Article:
My colleague Simon has written an interesting post at Simon Says on the perilous state of the PR industry following the publication of the latest research on the sector by Lighthouse.
The general thrust of the research (mainly American I think) is that PR companies are in a mess financially and many will go bust. Indeed, anecdotally I have heard of two major agencies in the North of England that have gone tits up but gentlemanly honour forbids me from saying which ones – they are both based in Harrogate.
Lighthouse notes: “High-volume PR that weakly reflects brand values is not valued by the board. As a result, PR is disrespected. It holds a trivial position in most organizations.
“PR's inability to produce valuable results is reflected in under-resourcing and under-pricing by agencies. Most agencies' pre-tax margins are a miserable 3.6%. Twenty percent of agencies price below cost. Their sales growth conceals forthcoming ruin. A further 44% of PR companies barely break even. The remaining one-third of agencies deliver real value, but their profitability is also threatened by consultancies that price below cost.”
Over at GREEN this has not been my experience. We’ve just had one of our best years in terms of sales and profitability. And in the first two weeks of January we have four new business prospects that we are pitching for.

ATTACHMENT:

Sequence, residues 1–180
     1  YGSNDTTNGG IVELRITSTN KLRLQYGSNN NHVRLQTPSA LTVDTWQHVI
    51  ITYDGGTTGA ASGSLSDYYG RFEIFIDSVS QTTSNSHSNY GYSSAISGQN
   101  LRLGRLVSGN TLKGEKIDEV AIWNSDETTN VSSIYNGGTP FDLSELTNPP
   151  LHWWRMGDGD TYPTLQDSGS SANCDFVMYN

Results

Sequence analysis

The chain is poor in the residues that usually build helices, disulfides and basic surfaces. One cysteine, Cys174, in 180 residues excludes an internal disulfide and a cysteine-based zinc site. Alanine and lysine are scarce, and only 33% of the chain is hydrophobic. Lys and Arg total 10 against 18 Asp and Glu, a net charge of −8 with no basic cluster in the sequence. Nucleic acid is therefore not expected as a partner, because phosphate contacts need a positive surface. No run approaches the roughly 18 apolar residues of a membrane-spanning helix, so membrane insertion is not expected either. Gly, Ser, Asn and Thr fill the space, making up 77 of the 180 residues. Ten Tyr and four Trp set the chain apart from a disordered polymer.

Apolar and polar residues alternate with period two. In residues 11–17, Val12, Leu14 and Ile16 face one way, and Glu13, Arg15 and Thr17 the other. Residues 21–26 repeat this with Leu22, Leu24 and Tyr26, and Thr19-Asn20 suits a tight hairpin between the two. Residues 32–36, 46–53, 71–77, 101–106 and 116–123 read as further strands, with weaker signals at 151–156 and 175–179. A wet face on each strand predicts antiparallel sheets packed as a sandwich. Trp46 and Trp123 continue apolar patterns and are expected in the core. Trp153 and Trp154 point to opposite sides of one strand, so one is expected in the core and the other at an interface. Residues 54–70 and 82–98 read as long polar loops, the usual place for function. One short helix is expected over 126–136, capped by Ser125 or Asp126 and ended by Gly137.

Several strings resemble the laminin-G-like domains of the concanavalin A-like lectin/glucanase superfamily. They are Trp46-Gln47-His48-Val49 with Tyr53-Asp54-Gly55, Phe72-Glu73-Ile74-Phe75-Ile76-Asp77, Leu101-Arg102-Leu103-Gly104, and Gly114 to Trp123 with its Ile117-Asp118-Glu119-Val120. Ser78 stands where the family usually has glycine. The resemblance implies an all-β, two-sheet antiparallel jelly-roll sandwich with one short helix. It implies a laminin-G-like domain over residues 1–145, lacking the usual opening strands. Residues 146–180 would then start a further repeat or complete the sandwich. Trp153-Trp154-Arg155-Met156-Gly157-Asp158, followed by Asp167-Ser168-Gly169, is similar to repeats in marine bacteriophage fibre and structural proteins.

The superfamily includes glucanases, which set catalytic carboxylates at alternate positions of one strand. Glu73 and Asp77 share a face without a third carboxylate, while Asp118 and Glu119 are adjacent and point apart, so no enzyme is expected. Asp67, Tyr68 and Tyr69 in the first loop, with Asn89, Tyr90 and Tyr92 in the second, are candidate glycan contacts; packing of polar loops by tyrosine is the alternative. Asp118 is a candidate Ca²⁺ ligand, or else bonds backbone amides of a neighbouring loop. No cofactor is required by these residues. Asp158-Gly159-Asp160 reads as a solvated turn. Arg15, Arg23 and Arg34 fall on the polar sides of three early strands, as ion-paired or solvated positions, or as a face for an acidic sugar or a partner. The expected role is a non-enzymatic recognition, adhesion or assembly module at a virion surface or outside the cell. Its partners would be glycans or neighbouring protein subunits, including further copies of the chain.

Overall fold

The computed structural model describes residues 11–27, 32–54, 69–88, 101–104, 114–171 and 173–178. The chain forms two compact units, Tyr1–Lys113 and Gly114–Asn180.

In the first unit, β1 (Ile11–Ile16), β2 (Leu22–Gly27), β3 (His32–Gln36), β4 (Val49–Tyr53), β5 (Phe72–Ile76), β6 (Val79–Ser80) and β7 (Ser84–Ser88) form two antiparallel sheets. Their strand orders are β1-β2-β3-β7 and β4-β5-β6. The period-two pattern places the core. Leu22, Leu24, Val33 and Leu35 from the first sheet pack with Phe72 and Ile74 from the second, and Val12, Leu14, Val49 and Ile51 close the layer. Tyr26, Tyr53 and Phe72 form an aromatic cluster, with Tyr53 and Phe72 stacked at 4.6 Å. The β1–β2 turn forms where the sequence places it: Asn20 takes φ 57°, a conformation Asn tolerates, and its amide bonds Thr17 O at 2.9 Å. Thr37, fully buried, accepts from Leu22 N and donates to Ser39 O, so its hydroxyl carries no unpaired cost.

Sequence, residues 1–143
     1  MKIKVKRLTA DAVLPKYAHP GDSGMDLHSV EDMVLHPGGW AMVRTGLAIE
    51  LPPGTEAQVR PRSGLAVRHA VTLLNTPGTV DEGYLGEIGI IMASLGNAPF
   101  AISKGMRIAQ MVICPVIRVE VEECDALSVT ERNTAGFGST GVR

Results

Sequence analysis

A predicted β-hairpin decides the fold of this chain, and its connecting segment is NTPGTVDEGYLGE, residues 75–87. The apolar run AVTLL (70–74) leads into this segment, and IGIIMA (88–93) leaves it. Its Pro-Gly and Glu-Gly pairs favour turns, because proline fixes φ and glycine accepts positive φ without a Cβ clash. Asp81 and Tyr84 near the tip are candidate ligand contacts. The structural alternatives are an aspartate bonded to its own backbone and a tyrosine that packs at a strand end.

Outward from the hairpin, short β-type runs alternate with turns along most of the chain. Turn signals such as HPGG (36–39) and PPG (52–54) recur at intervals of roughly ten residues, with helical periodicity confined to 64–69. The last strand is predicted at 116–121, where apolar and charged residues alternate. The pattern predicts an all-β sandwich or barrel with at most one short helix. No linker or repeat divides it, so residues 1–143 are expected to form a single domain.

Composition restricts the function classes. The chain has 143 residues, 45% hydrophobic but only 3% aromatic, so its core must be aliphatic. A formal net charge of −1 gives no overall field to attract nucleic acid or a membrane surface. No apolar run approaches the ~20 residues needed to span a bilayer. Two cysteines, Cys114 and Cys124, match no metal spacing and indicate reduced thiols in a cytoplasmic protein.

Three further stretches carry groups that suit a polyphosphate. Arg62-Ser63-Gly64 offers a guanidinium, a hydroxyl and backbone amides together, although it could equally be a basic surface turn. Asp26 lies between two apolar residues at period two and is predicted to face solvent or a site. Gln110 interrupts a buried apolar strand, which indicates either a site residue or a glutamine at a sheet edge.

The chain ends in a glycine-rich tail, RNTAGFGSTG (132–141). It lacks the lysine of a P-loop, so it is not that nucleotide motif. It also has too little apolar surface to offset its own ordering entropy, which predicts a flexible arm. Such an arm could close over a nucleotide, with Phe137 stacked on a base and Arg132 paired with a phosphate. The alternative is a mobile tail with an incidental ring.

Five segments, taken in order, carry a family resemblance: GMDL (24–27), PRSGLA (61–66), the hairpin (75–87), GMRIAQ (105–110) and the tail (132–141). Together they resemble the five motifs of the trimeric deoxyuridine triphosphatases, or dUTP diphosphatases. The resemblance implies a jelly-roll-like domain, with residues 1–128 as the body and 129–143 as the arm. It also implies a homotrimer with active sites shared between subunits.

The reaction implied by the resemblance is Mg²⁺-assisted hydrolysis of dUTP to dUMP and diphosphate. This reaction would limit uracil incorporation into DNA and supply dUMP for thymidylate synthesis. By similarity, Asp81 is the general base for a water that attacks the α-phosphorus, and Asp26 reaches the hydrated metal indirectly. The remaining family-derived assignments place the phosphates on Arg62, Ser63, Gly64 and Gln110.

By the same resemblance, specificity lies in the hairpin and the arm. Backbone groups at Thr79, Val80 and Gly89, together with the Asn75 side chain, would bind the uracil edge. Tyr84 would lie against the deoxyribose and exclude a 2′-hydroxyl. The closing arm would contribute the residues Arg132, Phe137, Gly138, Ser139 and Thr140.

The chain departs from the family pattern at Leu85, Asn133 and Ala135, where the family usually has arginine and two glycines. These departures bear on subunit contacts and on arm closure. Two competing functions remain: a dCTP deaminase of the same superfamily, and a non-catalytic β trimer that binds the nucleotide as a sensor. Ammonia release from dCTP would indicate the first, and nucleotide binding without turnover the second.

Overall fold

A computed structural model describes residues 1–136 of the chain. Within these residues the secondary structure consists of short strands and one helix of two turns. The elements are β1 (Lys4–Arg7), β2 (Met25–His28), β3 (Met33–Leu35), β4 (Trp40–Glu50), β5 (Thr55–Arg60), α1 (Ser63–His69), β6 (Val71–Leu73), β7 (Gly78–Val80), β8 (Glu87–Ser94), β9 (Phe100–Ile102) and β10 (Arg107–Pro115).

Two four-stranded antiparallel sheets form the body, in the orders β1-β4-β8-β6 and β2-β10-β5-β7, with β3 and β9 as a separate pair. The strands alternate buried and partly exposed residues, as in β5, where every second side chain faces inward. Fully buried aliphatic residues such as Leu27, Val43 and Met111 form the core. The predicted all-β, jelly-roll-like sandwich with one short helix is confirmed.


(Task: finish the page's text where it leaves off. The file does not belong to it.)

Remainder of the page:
The problem is clients – isn’t that always the case – some get it immediately and understand the benefits of robust, honest media relations and reap the benefits (thankfully most of our clients). The doubters tend to treat it as advertising even though advertising failed when it drifted from its scientific roots to become a creative art form (I’ve always thought advertising art directors calling them selves Creatives rather pretentious). Their goal is to make famous adverts, not famous products or business returns.
There is a danger that PR goes the same way. Good PR companies, however, will continue to be successful because they are good at delivering on their client’s bottom line – whether that is selling more cheese (nod to Wensleydale), creating a unique co-creation company (nod to Ladybank Company of Distillers) or encouraging people to adopt a great bread brand (nod to Warburtons). All this involves a lot of damned hard work by dedicated professionals.
I didn’t intend to write this as a paean to my company rather than to point up that maybe some companies deserve to go by the way – because of bad PR and bad financial management. And clients should remember that you get what you pay for…
As Analyst Equity points out: “PR can play a crucial role in bringing the brand to life. However, PR needs real understanding of how customer perceptions are changing in the target markets if it is to align the brand to customers. The reality is that few PR managers even align their campaigns to the corporate marketing plan, let alone aligning their campaigns to customers: in-house PR managers know how few agencies ask for the marketing plan; PR agencies know how few clients offer it. PR can transform brand perceptions, support sale-making push-pull marketing programmes, and integrate PR into the wider business marketing engine.”